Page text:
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Discussion Starter · #6 ·
Have cobra two into ones on it with the cheater plugs for the O2 sensors.
Cobra tuner, not the autotune
 

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2008 Yamaha Road Star Silverado (Gray, hard bags, etc.)
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Have cobra two into ones on it with the cheater plugs for the O2 sensors.
Does it have a power commander or any fuel processor on it?

Someone on the clinic website bought a fuel injected bike with aftermarket pipes and the O2 cheaters. He was having some kind of flutter/running issue at highway speed. He ended up putting a stock exhaust on it so he could put the O2 sensors back on and his issues cleared up.

Wonder if it's something with the cheaters? You could always add bungs to your Cobra pipe if needed. Redline Emissions Products NOx / O2 Weld Bung (BG1016) - M10 X 1.25, 1" OD, 5/16" H, Stepped
 

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'12 Roadstar Silverado S in white, '14 red VFR dx
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Discussion Starter · #8 ·
Getting good results from some tankfuls would lead you to believe it was the gas and not needing special parts or reverting back to stock, would it not?
Any who, I put a gallon of 89 in to check and runs fine, mileage in question til I run it out. Trying 87 next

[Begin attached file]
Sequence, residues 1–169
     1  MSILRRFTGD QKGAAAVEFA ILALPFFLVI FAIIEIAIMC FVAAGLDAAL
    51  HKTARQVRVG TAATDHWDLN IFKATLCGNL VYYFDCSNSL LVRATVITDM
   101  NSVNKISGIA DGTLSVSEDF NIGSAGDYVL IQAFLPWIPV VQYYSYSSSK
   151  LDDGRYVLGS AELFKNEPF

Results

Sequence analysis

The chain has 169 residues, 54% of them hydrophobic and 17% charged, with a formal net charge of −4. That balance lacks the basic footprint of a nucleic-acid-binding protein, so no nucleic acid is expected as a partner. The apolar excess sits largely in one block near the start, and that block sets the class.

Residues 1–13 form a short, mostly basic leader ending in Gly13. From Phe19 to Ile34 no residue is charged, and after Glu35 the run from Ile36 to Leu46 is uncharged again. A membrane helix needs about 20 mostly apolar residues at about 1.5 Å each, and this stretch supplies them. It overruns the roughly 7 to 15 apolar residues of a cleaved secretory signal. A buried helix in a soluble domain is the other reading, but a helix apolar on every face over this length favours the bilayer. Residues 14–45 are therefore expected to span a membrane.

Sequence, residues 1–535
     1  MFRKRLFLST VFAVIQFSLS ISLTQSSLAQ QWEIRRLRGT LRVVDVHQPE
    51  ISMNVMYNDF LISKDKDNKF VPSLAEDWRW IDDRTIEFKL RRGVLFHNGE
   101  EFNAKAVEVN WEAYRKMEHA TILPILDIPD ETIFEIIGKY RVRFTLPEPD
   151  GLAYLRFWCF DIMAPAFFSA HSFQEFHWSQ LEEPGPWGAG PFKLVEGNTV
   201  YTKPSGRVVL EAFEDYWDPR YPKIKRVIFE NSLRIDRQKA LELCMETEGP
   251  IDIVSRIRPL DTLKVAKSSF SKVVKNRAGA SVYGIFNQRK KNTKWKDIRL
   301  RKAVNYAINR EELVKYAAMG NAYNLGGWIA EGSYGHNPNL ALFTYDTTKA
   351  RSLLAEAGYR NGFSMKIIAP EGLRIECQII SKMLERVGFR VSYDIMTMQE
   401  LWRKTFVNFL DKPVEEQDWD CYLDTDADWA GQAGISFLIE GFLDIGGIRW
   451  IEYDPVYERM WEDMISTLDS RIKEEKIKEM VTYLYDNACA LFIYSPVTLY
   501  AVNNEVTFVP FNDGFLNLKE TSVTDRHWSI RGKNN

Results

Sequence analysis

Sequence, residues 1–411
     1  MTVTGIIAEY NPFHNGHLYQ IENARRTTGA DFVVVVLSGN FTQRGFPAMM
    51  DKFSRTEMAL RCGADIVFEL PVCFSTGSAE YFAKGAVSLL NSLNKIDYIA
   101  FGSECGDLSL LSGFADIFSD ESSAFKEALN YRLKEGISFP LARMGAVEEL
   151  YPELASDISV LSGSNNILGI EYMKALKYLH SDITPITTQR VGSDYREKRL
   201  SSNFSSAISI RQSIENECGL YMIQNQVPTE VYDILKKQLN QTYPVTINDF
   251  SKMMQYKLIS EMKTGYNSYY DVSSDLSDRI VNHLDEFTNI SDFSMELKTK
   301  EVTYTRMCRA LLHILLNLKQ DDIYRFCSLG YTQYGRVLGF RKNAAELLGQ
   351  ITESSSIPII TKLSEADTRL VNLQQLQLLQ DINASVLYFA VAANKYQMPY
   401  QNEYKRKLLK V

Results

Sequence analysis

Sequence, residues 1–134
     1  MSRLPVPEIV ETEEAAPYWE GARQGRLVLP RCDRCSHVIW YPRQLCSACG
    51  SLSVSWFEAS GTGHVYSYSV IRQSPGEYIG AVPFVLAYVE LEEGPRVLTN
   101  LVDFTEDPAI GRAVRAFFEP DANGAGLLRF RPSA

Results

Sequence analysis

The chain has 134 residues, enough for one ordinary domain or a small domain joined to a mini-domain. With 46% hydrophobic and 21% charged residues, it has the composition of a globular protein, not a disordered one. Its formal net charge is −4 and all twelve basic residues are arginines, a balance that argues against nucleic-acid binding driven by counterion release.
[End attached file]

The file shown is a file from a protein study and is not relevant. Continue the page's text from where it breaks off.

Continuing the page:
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2008 Yamaha Road Star Silverado (Gray, hard bags, etc.)
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Getting good results from some tankfuls would lead you to believe it was the gas and not needing special parts or reverting back to stock, would it not?
Any who, I put a gallon of 89 in to check and runs fine, mileage in question til I run it out. Trying 87 next
Sorry, I didn't mean to imply to go back to stock. I've heard good things from those that' have switched to the 2 into 1 pipe. I'm just saying according to the owners manual and my own experience that you should be able to run regular 87 octane without issue. So if your bike is having an issue with that.....why? It would suck being on a trip and not being able to enjoy it due to lack of a certain fuel.
 

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I have a 650 that takes 87 and a Strat that take 91 recommended. I put a tank load of 87 in the Strat and didn't notice a difference but at half a tank filled it with 91 because it's what Yamaha says is best.
 

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'12 Roadstar Silverado S in white, '14 red VFR dx
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Discussion Starter · #11 ·
I've been debating going back to stock to see the mileage improve. I had an absolute bear of a time trying to hammer the stock double muffler back into place after ditching the Cobra slipons and gave up. If it wasn't for the pita to remove the tank to change the wiring back I probably already would have.